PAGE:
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Blog comments do not reflect the views or opinions of the Author or Ancel Glink. Some of the content may be considered attorney advertising material under the applicable rules of certain states. Prior results do not guarantee a similar outcome. Please read our full disclaimer

Monday, November 19, 2018

Judge's "Friendship" With Attorney on Social Media Does Not Require Disqualification


We have written in the past about how court's have interpreted social media "friendship," particularly in the legal or ethical sense when there is a question about bias or impartiality. A Florida Supreme Court recently issued a ruling weighing in on this issue involving an attorney's Facebook "friendship" with a judge who was assigned to one of the attorney's cases. 

A law firm had filed a motion to disqualify the judge in a case because the judge was Facebook "friends" with opposing counsel. The judge denied the motion, ruling that the mere fact that a judge is friends with an attorney appearing before the judge does not, alone, disqualify the judge from a case. That ruling was appealed and made its way to the Florida Supreme Court which upheld the judge's ruling. The Court stated that the fact that a judge and an attorney are Facebook friends, without more, does not provide a basis for a well-grounded fear that the judge cannot be impartial or that the judge is under the influence of the attorney. The Court emphasized that a social media "friend" may or may not be a "friend" in the traditional sense, noting that social media users may have thousands of social media "friends" that are more casual and less permanent in nature than traditional friendships. The Court cited numerous bar association and ethics opinions that also ruled that a social media friendship, without more, does not establish bias or influence that would require disqualification.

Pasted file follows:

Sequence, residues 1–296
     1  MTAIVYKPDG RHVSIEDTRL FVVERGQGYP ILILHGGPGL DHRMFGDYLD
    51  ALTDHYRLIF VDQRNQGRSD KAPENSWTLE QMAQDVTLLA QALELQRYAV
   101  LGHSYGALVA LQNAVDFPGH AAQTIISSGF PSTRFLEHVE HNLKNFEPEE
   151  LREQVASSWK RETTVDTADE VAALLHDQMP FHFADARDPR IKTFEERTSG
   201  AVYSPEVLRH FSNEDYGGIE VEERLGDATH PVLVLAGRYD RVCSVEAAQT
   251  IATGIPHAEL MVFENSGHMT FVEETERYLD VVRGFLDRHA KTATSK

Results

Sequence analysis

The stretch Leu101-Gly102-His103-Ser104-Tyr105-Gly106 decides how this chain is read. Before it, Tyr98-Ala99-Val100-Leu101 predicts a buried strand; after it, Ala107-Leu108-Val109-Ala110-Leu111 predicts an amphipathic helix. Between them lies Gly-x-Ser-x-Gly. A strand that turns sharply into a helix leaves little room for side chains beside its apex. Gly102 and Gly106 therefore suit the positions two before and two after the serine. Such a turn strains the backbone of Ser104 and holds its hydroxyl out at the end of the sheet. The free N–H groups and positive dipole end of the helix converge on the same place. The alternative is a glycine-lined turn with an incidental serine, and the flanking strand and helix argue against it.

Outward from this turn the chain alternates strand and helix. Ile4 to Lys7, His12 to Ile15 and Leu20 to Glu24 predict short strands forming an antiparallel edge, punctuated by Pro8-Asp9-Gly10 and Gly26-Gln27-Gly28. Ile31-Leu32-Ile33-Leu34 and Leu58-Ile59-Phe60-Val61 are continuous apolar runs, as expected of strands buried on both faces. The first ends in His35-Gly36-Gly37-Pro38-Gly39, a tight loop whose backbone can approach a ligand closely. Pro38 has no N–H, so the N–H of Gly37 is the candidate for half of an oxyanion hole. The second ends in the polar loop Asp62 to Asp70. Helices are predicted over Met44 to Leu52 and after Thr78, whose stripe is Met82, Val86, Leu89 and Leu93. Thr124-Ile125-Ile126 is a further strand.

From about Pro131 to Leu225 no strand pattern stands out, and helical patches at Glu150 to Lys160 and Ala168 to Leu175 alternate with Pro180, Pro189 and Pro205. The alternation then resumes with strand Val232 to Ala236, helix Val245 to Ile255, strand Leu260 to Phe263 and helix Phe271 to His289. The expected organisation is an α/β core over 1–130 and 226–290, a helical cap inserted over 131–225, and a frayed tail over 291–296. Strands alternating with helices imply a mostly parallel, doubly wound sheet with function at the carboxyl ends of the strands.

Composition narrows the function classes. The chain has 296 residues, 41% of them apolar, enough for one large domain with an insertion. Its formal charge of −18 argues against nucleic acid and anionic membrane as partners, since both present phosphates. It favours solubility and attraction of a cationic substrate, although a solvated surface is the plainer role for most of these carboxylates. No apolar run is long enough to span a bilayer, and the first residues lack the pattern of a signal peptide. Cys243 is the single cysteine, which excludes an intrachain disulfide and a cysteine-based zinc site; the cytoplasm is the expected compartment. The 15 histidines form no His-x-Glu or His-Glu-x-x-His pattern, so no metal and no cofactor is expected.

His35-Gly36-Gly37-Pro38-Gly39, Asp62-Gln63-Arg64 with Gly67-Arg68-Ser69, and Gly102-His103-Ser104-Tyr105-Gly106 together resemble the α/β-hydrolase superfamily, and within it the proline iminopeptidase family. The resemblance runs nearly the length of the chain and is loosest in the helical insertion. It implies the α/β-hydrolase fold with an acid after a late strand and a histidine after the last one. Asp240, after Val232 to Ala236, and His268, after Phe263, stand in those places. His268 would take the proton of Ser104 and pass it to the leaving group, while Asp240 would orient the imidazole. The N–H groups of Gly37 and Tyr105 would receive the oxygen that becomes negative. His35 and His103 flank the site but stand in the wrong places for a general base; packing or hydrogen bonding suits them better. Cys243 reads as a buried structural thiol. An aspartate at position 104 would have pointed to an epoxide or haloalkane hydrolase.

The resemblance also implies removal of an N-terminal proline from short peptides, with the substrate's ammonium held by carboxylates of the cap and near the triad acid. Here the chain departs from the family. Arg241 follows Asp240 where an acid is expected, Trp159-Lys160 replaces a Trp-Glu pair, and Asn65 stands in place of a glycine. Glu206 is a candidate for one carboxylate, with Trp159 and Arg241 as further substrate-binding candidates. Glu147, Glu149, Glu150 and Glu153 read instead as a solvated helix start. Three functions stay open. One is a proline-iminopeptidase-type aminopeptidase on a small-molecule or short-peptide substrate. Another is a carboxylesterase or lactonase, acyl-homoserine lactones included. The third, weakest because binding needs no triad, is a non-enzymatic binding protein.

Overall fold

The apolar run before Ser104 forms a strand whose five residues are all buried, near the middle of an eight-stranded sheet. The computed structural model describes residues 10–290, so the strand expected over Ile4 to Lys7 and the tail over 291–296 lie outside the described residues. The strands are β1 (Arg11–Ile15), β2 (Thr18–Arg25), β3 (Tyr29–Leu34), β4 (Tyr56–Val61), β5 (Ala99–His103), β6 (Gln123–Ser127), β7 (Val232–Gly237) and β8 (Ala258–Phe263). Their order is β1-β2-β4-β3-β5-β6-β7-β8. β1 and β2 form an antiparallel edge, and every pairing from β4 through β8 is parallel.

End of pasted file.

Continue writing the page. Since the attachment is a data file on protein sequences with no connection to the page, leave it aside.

You can read the opinion here.

Friday, November 16, 2018

PAC Says Records Involving Juvenile Witnesses and Victims Not Exempt From FOIA


The PAC just issued a binding opinion that sheds some light on how the Attorney General interprets recent changes to the Juvenile Court Act and FOIA.  PAC Op. 18-016.

A law firm that routinely files FOIA requests with municipal police departments for traffic accident reports submitted a request to the Rock Island PD for a particular accident report. The PD denied the request, citing section 7.5(bb) of FOIA and section 1-7(A) of the Juvenile Court Act. The PD argued that the accident report was exempt because the accident involved six minors who were listed as victims and witnesses in the report. The PD pointed to a recent amendment to the Juvenile Court Act that provides that "All juvenile records which have not been expunged are sealed and may never be disclosed to the general public or otherwise made widely available."